To test my theory that ratings could be posted by people who had never been my students, I went to the dreaded site, and registered myself, under my own name, as a Zenith student. Easy-peasy. The only false information I provided was a birth date that made me 19 years old (I wish!) and the box I checked that affirmed my status as a Zenith sophomore. I then successfully added a rating about myself. You can see it here: it's the anxious looking green emoticon that has the comment "interesting." I thought it only fair to add something right down the middle, neither good nor bad. Inflammatory perhaps, but arrogant never, that's my motto.

Now if I can do this, using my own name and without setting off any alarm bells on the website, what this means is that anyone can register as anyone and leave an evaluation -- for anyone -- that says anything. That's right. You could do it from prison if you had internet privileges, or from Afghanistan, if you were just farting around in between avoiding the Taliban. So think about that the next time you go into a class feeling insecure and betrayed because someone has posted something nasty about you on RateMyProfessors: it might not even be one of your students who did it. Furthermore, it makes you wonder -- when most professors have fewer than a dozen ratings, if someone has amassed an unusually high number -- sixty or seventy say -- who the heck is actually adding them? Can it really be students?

RateMyProfessors does not address the question of verification anywhere on its site, nor does it even suggest that it is possible for a person who is not actually your student to post a review of your teaching. But it does have a page where the site managers tell you what you can do to correct an unfair comment (other than post a video of yourself telling your students how wrong they are, a new feature called "Professors Strike Back" that is designed for those of you longing for your own reality show.) You can also ask that the comment be reviewed by the site managers as false or defamatory, as I did with the comments above: when it is, should they decide not to put it back up, the rating itself remains, something they don't tell you. But what else can you do? Why you can give them more publicity! As they explain:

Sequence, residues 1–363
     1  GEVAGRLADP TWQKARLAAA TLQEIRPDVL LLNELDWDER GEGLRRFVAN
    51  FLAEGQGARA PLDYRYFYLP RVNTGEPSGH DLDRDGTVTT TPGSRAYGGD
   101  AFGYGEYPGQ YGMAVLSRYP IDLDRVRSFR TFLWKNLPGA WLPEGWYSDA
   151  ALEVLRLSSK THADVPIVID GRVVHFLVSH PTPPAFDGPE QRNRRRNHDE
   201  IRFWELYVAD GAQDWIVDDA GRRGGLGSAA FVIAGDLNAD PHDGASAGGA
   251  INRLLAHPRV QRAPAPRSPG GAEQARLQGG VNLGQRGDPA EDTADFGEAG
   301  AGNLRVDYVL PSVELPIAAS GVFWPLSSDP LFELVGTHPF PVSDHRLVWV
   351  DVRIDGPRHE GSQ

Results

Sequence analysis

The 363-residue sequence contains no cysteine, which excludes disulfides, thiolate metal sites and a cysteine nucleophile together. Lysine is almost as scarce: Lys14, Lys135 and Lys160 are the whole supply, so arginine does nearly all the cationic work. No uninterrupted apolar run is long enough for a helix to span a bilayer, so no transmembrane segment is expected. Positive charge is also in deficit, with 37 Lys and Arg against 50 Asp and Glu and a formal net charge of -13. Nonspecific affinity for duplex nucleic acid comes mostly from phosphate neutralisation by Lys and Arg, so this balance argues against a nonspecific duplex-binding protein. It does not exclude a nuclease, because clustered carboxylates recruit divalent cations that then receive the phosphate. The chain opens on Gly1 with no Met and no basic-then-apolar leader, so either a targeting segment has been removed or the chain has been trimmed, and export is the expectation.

"The best thing you can do is write an article about the site in your school paper. This ALWAYS has a huge impact on the number of ratings and makes the site become less entertainment oriented (an admission that selling advertising is the actual point of this website -- duh) and more of a resource for helping you plan your class schedule. Other things you can do is post flyers around campus, post links to the site on message boards that are school-related, and email your friends about the site."

Other than friendly advice on how to make a complete fool of yourself, this speaks to what I think is the central feature of the site. Students need to be highly motivated to use it, and normally they are motivated because they really like you or, conversely, they are getting revenge for some imagined or unimagined insult by writing something spiteful in public. The suggestion that professors themselves should mobilize students to "tell the truth" about their classroom experiences I find just bizarre and manipulative. I mean, who would do that?